Sarah Palin speaks at a rally in Anaheim, California in October. credit: AP Photo/Jae C. Hong
Many people asked me over the last week whether I would be going to the annual CPAC convocation taking place at the Marriott Wardman Park Hotel in Washington. I explained that while I have covered the event in the past, I stopped maybe a decade or so ago because most of the people who attend the CPAC meeting are in no way representative of the Republican Party as a whole.
Don't get me wrong; I find it very enjoyable to sit back and watch a rough approximation of a cross section of one party's voters listen to and evaluate their party's potential presidential contenders. Watching their faces and body language, listening to their questions, and probing their reactions are all enormously enlightening.
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But let's face it. Any group that holds a straw poll that Rep. Ron Paul, R-Texas, wins in back-to-back years by definition isn't representative of much of anything beyond maybe the most extreme slice of one party.
Further, this event has been so thoroughly and easily manipulated over the years that it is more an auction than an election. The goal has become which camp can buy up the most tickets and stuff as many college kids or recent graduates into a hall at one time.
A good question might be why so many reporters waste several days going, but the answer is clear: If you cover presidential electoral politics, there is nothing else going on right now.
This isn't a partisan or ideological view. Watching a group of Democratic contenders pander to ACORN (or whatever they are called now) or some other liberal group would also provide little understanding of the 2012 playing field.
I am content to wait until a little later in the year when those who are really intent on running actually start spending a lot of time in Iowa and New Hampshire. Seeing these hopefuls speak before groups of regular voters will be interesting, and there's a little more dignity to the process.
Until that comes, though, a better use of time is to figure out which of these candidates might be able to raise enough money to have a legitimate chance of winning. A sobering figure to consider is that President Obama raised a total of $745.7 million to get elected.
For just the nomination fight, then-Sen. Hillary Rodham Clinton, D-N.Y., raised $223.9 million and former Sen. John Edwards, D-N.C., took in $48.2 million.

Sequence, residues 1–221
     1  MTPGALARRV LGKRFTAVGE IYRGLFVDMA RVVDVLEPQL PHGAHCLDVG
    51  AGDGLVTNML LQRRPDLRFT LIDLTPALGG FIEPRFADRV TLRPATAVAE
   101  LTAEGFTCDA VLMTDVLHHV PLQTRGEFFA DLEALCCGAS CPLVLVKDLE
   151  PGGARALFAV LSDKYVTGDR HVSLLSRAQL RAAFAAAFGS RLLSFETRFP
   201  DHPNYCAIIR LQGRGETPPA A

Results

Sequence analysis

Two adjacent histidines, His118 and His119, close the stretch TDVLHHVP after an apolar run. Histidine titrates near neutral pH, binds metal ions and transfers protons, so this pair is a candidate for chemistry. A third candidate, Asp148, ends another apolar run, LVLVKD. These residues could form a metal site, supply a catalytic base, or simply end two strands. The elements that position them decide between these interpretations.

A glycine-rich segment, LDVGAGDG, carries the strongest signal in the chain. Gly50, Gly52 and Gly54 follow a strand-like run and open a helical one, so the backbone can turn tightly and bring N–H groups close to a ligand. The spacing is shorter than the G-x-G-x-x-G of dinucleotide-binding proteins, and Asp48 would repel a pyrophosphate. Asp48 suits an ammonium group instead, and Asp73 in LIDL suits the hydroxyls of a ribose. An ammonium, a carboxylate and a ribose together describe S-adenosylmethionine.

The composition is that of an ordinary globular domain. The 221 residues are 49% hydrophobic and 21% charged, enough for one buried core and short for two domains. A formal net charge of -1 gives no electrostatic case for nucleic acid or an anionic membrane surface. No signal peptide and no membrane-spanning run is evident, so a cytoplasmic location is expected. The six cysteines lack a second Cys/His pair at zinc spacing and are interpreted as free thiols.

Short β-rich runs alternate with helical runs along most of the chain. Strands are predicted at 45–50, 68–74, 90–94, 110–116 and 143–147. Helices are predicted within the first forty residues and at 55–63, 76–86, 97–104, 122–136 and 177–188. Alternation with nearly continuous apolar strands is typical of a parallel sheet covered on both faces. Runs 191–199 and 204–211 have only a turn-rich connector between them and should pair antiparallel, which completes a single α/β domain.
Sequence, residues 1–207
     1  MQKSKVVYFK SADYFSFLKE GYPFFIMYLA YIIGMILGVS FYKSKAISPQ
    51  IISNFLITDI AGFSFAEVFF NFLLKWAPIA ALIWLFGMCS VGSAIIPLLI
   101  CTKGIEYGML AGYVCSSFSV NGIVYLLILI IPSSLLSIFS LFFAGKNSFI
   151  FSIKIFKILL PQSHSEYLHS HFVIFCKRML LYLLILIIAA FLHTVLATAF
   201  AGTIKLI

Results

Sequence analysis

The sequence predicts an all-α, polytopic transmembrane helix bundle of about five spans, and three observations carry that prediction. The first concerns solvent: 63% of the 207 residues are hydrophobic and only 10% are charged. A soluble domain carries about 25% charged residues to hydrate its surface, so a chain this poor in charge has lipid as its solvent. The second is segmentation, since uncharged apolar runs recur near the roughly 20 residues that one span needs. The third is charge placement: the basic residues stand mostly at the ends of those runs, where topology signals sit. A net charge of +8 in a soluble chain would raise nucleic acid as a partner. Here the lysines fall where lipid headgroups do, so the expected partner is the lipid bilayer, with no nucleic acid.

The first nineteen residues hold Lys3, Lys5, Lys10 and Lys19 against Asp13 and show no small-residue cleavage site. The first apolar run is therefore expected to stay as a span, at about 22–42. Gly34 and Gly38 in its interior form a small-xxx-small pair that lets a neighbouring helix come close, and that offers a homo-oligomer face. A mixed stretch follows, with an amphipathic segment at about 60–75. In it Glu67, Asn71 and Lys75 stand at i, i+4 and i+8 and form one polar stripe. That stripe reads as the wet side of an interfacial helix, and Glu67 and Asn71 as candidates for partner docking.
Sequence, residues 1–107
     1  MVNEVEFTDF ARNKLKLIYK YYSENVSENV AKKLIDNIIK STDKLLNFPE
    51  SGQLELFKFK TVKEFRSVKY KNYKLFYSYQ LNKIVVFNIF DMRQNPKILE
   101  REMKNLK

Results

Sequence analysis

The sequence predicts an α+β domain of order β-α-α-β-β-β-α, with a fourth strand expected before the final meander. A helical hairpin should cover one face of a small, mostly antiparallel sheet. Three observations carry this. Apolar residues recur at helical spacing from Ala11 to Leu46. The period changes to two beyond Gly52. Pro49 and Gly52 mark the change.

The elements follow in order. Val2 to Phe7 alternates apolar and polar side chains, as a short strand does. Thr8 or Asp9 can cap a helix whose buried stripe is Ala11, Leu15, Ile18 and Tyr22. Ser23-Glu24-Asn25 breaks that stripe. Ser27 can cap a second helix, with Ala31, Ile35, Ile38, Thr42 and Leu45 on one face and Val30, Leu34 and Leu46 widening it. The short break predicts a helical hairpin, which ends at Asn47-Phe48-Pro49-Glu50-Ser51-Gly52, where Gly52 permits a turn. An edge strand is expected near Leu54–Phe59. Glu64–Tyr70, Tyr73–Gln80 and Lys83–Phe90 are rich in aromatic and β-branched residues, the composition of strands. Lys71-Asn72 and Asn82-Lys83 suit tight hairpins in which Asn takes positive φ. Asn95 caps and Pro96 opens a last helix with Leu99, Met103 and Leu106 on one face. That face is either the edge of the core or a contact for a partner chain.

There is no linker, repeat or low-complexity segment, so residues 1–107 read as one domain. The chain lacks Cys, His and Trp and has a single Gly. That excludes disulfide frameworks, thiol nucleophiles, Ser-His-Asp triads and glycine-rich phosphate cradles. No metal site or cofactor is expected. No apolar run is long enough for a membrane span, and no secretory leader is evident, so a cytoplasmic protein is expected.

On the Republican side, Sen. John McCain of Arizona raised $219.6 million to win the nomination, former Massachusetts Gov. Mitt Romney raised $105.2 million (including $44.7 million from himself), former New York City Mayor Rudy Giuliani raised $58.7 million, Paul raised $34.5 million, and former Arkansas Gov. Mike Huckabee pulled in $16.1 million.
Even leaving out Obama's eyeball-popping fundraising pace, it seems a good bet that to win the Republican nomination would require raising at least an amount in the broad $200-$300 million range.
Keep in mind that McCain's $219 million fundraising figure includes an extended time when his candidacy appeared dead and was living hand-to-mouth. A knock-down, drag-out fight similar to the Obama-Clinton feud would easily exceed that $300 million estimation, though no one, including the incumbent president, might be able to capture lightning in that fundraising bottle to the extent that he did in 2007-2008.
With the decision by the Republican National Committee to switch to a proportional representation system like Democrats, abandoning the winner-take-all system that all but guaranteed a relatively quick resolution to nomination fights, the odds of a fight on the more expensive side of that range are even higher.
Thinking about these sobering fundraising demands tends to quiet talk about long-shot, late-entry, and outsider candidacies. The fundraising demands mean that a successful candidate would either need to enter the race with nationwide name recognition, at least in their party's donor and activist community, or get a very early start with a team of people who already possess the contacts within that donor and activist community.
These financial demands mean that more attention should be placed on the donor community and what kind of candidates they are looking for. In 2008, Huckabee was a great example of a candidate who unexpectedly won the Iowa Caucus but had virtually no appeal beyond the ranks of social, cultural, and religious conservatives, and the home-schooling community.
As a result, he never was able to diversify his appeal or monetize his Iowa Caucus victory and become a strong force in the nomination fight. Money can't buy you a nomination, but it can certainly deprive you of one.
It also means that there will be a premium on the candidates who can find world-class talent to tap that money--yet another reason why former Alaska Gov. Sarah Palin is highly unlikely to win the GOP nomination.
You have to be able to attract top-drawer people, delegate responsibility to them, and let them do their jobs--attributes not commonly associated with Palin.
Those factors, along with her extraordinary negatives among independents (read: swing voters necessary to win a general election), make her a faux front-runner in this race. Similar challenges with independent voters and the electability question will likely plague former House Speaker Newt Gingrich, R-Ga., while the financial requirements will be the biggest challenge to Huckabee if he runs.
This means that the fight for the Republican nomination is more wide open than commonly thought, but with the caveat that it will take an enormous amount of money to get through the door.
This article appeared in the Tuesday, February 15, 2011 edition of National Journal Daily. Thumbnail image credit: Cheryl Gerber/Getty Images